8. What are your next goals or future plans?

Now that I’m back on my feet and pretty much back to 100%, the time has come to start my flight training. I’m currently in the process of getting my First Class medical certification from the FAA, which will authorize me to fly commercial aircraft. Once my medical gets approved, it’s time to apply for flight schools! It’s almost like applying for colleges again because I have to fill out questionnaires, research the different selections of programs, provide references, and consider the financial viability of each choice. 

Once I get accepted into an academy, it’ll likely take 3-4 years to get all my certifications and flight hours before I can join an airline. It’s a long road ahead and definitely one filled with countless challenges, but if it’s in the pursuit of my childhood dream, then I’m willing to fight through it. No matter what life throws at me next, the sky isn’t going to be my limit. It’s what I’m going to call home.

9. You went to Taiwan for a few weeks. I saw that you were eating a couple of random dishes there on Snapchat and a couple of them were animals you wouldn’t think of trying… what were those dishes and what was your favorite?

Yup, I sure did! I went back to visit my family in Taiwan for the first time in 23 years this past September, and it was an absolutely amazing experience. When I travel, I like to explore and be adventurous, not only with my hiking and whatnot but with what I eat. Granted, it’s difficult for me to eat abroad as I was diagnosed last year with Celiac Disease. This means that I have to adhere to a strict gluten free diet, which when you’re travelling in a country like Taiwan, makes things pretty challenging.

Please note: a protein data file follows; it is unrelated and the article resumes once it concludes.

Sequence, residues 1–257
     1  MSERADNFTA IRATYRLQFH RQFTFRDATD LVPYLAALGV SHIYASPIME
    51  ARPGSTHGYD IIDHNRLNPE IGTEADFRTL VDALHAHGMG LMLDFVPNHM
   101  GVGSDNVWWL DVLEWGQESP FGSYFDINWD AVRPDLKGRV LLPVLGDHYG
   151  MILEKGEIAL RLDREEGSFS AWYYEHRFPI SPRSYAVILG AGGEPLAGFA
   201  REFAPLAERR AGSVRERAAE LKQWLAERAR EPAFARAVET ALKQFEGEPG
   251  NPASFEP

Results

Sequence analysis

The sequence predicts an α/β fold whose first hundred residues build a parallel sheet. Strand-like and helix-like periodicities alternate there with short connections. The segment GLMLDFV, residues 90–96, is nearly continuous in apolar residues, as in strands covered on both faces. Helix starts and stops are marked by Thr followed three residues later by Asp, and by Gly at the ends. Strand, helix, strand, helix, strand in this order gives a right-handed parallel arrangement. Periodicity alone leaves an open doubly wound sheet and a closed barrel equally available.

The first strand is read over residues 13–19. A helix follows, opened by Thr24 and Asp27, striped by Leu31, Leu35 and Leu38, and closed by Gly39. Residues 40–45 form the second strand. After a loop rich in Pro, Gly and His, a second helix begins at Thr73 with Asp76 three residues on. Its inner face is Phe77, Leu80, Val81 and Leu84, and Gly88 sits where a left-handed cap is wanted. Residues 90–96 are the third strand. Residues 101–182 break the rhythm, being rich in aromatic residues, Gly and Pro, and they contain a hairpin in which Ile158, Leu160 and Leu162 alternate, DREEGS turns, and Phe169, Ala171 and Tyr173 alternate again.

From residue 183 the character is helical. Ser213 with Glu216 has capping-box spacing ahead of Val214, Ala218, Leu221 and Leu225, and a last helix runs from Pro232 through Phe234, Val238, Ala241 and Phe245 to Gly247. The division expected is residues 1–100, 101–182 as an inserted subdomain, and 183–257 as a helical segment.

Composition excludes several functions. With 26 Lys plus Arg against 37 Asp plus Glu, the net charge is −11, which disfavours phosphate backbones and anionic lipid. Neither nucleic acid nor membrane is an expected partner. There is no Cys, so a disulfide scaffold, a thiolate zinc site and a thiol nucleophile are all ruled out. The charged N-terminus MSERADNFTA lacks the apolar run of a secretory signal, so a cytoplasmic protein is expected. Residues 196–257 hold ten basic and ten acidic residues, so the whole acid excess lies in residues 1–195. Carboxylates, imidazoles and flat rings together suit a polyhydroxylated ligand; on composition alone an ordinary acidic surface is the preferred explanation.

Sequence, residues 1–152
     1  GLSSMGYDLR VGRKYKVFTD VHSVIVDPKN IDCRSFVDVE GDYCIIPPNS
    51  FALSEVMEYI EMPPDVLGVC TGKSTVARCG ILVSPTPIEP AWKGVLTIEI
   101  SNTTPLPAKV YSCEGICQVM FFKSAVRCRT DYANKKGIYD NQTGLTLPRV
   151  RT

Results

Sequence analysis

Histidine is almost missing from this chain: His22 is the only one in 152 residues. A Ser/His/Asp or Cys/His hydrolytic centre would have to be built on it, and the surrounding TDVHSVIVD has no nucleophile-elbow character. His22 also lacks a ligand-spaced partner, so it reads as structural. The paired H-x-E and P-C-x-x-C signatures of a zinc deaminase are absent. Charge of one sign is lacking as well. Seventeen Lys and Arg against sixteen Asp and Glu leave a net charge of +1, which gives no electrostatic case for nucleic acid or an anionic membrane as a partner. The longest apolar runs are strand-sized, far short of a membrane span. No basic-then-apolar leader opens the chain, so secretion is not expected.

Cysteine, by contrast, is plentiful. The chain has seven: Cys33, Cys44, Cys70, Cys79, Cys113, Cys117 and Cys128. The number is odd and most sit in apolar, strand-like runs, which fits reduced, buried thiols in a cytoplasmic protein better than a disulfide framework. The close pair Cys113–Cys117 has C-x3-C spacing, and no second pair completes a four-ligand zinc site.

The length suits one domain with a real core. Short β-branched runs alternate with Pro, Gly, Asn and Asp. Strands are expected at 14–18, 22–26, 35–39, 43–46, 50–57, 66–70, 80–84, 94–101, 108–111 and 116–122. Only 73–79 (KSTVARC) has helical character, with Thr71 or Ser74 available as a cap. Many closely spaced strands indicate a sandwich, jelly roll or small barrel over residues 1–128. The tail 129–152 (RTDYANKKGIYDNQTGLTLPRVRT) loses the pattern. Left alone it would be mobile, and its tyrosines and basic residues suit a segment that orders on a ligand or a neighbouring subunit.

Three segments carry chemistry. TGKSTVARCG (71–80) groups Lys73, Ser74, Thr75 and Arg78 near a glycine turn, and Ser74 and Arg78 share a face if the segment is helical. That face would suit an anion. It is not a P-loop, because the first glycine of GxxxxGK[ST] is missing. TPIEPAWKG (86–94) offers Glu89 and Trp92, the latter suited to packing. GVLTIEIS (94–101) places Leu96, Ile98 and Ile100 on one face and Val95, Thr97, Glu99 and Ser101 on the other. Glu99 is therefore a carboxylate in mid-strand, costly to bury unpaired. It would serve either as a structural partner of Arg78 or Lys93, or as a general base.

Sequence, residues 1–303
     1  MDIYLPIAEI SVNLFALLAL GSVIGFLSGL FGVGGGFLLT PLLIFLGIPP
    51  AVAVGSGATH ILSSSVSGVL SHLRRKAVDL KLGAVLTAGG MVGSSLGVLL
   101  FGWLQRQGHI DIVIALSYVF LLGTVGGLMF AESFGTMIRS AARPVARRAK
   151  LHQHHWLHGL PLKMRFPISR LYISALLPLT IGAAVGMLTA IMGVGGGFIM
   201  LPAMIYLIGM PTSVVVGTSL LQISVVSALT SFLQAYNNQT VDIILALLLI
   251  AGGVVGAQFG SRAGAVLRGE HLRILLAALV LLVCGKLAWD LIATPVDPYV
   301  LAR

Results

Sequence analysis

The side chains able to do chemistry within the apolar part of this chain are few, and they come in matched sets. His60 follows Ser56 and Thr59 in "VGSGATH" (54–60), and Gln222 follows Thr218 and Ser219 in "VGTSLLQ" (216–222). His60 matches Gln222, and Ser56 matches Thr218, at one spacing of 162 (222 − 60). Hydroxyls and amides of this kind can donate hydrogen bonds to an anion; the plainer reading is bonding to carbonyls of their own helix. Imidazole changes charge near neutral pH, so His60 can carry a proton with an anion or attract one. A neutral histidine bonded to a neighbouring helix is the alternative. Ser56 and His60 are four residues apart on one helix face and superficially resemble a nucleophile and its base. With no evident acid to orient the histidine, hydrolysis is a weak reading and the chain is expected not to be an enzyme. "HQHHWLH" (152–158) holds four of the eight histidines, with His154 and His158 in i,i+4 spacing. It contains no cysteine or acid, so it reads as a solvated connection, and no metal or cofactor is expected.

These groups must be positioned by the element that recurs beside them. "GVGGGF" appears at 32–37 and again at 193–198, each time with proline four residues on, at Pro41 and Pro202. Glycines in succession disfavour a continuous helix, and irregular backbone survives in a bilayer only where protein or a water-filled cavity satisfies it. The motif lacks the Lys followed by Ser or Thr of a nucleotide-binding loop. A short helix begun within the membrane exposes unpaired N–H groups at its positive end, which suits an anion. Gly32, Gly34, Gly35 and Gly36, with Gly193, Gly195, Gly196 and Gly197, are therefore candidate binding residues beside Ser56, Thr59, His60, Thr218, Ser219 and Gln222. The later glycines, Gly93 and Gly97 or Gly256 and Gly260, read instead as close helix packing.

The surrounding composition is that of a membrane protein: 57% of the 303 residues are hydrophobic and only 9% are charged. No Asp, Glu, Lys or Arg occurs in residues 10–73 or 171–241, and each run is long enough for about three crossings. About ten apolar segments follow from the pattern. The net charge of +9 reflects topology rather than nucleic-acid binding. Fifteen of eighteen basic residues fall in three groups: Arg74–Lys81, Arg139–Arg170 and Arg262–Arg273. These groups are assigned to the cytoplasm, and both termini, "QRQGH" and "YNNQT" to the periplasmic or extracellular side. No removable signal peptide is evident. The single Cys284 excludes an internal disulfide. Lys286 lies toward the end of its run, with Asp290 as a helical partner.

Nonetheless, I was able to find a lot of new and interesting dishes I’ve never tried before! In Kaohsiung, one of my relatives had me try shark fin soup, and jello made with ground turtle shell. The highlight of the “interesting” food was when my uncle took me to “Snake Alley” in Taipei, and we had snake soup, and then shots with snake blood, bile, and venom. In case you were wondering, I can report back that the snake itself tasted like a dry piece of chicken with millions of bones in it. 

They were all delicious in their own way, but all the weird foods that I ate were absolutely overshadowed by the fresh seafood. All in all, my trip to Taiwan was no different than any other trip I’ve taken. I absolutely ate my way through it.

Photo Credit: Christopher Guevara

If you or anyone you know would like to share their life-changing story where adventure inspired them, please contact me here.